As more and more businesses start to implement remote working practices, BSI's Cyber Security and Information Resilience team has issued expert advice to businesses and workers as to how to best prepare for working away from their offices efficiently and securely. While different businesses across the UK will have different policies and protocols, the top 10 tips below covers everything from protecting confidential business information and using Wi-Fi to effective working patterns and environments while at home.
1. Preparing for travel – What should I do when I leave the office?
Make sure you have your IT department's contact details as you may need their support during the days ahead. If you are asked to take your laptop, business equipment and business information, take care when travelling and remember personal security. Criminals are opportunistic and if they see something lying in the back of the car, for example, it could be stolen.
2. Business information – what should I do if I have confidential business information?
Always keep it secure and have it in your possession and never out of eyesight. If you are taking a break or leaving the documentation, stow it in a safe environment. Remember, business information will need to remain confidential even if stored in your home.
3. Using home Wi-Fi – I’ve never connected my work laptop or device to my home Wi-Fi?
If you have been asked to connect to your home Internet, make sure that your Wi-Fi connection is secure and password enabled so you can control who connects to it. If you have any doubts contact your IT team and they can confirm. For public and unsecured Wi-Fi, the best advice is either to avoid connecting with them and tether using your phone or use a VPN to secure the connection.
4. Use your VPN – what is a VPN and how do I connect to it?
A VPN is a Virtual Private Network that most businesses use to allow you to create a secure connection to the network over the Internet. Most companies have a policy on VPN usage and how to connect to it – usually a password enabled or token system. Ask your IT department for more information.
5. Phishing – what is phishing and why do I need to be careful?
Phishing is a fraudulent practice where scammers or cybercriminals send emails that look like they are reputable and trustworthy sources in order to entice individuals to reveal personal information, such as passwords and credit card numbers. It is one of the largest causes of cybercrime and all users - both in work and at home - need to be on the lookout especially at this time. If you do see any email that looks to be from an untrustworthy source, report it to your IT department and follow their advice. If you happen to click a link or download one, contact your IT department immediately as it will have protocols in place to remediate or solve the issue.
6. Mobile phone and device security – is my mobile phone safe?
Maybe not. We are seeing an increase in incoming calls from numbers that you may not recognize or calls from “unknown numbers”. It is best not to answer the unknown numbers and use caution when answering unrecognized numbers.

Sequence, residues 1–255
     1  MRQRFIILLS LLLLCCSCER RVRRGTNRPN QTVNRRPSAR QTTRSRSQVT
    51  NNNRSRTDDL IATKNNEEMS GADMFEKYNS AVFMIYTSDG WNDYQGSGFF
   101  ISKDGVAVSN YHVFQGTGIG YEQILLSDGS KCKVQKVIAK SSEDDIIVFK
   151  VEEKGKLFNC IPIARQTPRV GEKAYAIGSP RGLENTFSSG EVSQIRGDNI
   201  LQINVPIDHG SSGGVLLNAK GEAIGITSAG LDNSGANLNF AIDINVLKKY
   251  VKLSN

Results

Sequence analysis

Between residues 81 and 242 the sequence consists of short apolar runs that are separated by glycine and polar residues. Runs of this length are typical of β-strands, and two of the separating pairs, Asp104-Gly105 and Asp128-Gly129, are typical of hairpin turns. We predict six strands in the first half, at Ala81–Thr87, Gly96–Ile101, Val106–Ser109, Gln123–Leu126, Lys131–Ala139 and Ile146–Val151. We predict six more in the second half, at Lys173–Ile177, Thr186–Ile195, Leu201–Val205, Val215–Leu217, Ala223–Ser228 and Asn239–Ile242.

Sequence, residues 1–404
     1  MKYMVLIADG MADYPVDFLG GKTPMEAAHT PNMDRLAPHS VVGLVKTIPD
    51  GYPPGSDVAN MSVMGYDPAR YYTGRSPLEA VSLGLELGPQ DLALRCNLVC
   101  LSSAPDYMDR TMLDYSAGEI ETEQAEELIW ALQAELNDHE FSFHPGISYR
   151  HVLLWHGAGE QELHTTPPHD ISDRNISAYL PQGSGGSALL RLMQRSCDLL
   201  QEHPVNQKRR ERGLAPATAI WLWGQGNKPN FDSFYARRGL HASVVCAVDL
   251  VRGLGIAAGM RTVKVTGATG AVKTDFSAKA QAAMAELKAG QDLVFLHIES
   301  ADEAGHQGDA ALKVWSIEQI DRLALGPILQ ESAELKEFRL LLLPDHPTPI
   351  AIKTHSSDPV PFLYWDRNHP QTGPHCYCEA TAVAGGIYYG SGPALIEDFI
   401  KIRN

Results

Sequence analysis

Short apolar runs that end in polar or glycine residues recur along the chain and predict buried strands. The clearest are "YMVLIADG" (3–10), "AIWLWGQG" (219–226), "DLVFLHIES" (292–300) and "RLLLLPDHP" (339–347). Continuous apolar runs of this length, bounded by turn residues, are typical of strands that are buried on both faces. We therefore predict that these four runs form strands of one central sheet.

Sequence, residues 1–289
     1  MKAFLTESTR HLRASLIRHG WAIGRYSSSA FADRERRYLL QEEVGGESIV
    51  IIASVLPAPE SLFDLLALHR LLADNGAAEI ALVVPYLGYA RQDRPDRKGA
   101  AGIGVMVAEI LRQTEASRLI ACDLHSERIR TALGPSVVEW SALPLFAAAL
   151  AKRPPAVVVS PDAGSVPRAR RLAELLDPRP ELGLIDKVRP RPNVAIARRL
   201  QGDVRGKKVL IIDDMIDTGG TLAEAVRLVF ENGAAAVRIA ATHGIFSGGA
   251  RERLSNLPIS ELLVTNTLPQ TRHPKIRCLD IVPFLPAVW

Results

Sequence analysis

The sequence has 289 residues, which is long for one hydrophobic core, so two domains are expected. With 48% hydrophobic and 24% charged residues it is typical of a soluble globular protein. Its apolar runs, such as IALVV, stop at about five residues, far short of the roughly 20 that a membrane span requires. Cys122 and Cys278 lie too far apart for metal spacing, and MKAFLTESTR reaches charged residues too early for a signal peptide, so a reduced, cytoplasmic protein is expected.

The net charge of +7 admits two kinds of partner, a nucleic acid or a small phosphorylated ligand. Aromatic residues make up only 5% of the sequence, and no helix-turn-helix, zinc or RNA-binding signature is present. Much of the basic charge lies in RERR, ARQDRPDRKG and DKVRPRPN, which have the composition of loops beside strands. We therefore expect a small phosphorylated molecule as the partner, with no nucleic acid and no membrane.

7. Backups – what is a back-up and what do I need to do?
A backup, or data backup, is a copy of computer data taken and stored elsewhere. It can be used to restore the original data after an event or preparing for a potential data leak event. Talk to your IT department about what data you need to backup, how to back it up and what equipment you need to do it.
8. Conference calling and internal communication – what are they and why use them?
Your company may be able to provide you with calling capabilities through a different application than the one you use in your normal work environment. Check in with teammates using your company conferencing equipment like WebEx, Microsoft Teams and Zoom. Keep up to date with company policies and internal communications. For client engagement, also ensure that your clients either have this equipment or can download and access it in line with their own company policies
9. Working patterns – how can I maintain my normal working habits?
Keep your good working habits. For those who are not accustomed to working from home, the prospect can be difficult to adapt to, particularly for extended periods of time. Apply as many of your normal office routines as possible such as waking up time, start and finish times, coffee breaks, lunch breaks, meetings and client interactions, even when conducted remotely. The more in sequence with normal office practices you are, the easier the remote working process becomes.
10. Working environment – what is the best working environment for me?
Where you can, establish a comfortable working environment. Ergonomics are as important at home as they are in the office. Think about the equipment, data and information you will now have in the home and how you need to protect it from unintended sight or use. Also consider your company policies around disposal of data and information.
Stephen Bowes, Global Practice Director, Information & Security Technologies, BSI Consulting Services, said: "There are multiple benefits to both organizations and their employees with a robust remote working model. Employee performance, recruitment, retention and job satisfaction increase whilst organizations costs decrease. Moreover, ready or not, organizations need to plan for the inevitable and the unforeseen by implementing the requirements for a remote workforce. Seize the opportunity today to bolster your physical and digital security protocols, information resilience and business continuity plans, by preparing for the currently evolving and distributed workplace and meeting employee needs.”